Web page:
The awfulness of Rome’s public transport is proverbial. Fatalistic locals just raise their eyebrows and curse transport managers and elected officials.
Those not ready to risk life and limb on a moped or scooter during their daily commute instead risk dying of thirst waiting for a bus.
Back in 2010 a clue emerged as to why things were so bad with news that an inordinate proportion of employees of the city’s Atac public transport company were friends or family of those in the city council who “ran” the organisation.
But just how those in charge contrive to provide such a dire service became even clearer yesterday with reports that investigators are onto a giant scam in which millions of bus and metro tickets are forged, with the proceeds diverted to criminal gangs and political parties – with the nod of transport chiefs.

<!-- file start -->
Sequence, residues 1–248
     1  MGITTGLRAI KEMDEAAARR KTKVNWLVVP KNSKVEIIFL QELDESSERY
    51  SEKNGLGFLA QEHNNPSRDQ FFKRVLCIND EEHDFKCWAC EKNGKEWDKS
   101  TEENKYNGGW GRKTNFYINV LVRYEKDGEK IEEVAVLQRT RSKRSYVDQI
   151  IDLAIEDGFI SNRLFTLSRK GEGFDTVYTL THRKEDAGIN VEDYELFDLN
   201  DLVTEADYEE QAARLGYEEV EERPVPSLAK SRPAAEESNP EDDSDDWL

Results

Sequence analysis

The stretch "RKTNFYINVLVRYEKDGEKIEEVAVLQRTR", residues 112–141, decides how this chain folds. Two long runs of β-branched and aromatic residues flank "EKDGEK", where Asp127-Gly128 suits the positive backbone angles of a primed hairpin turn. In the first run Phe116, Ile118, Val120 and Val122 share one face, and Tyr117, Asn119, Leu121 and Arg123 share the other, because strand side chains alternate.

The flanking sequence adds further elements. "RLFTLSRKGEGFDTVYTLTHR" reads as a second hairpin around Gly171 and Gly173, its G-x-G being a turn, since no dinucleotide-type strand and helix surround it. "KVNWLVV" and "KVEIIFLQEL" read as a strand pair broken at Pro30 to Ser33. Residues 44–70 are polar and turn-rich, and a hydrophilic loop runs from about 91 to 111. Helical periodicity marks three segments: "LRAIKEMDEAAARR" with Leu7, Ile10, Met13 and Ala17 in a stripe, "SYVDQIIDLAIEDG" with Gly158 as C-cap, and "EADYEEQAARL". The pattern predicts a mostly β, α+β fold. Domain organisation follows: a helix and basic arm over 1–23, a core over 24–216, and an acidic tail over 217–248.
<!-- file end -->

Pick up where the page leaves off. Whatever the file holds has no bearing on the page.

The bipartisan scam has allegedly been going on since 2000 – effectively stealing €70bn (£58bn) a year from the capital’s transport system, reports suggest. Some arrests were made last year relating to – in the words of prosecutors – the “secret criminal society” behind the scam.
The investigation widened as the scale of the operation became clear, with La Repubblica claiming that vast sums were channelled into slush funds, aided and abetted by politicians on both sides of the spectrum. As such, fighting rackets is unlikely to figure highly in local election pitches.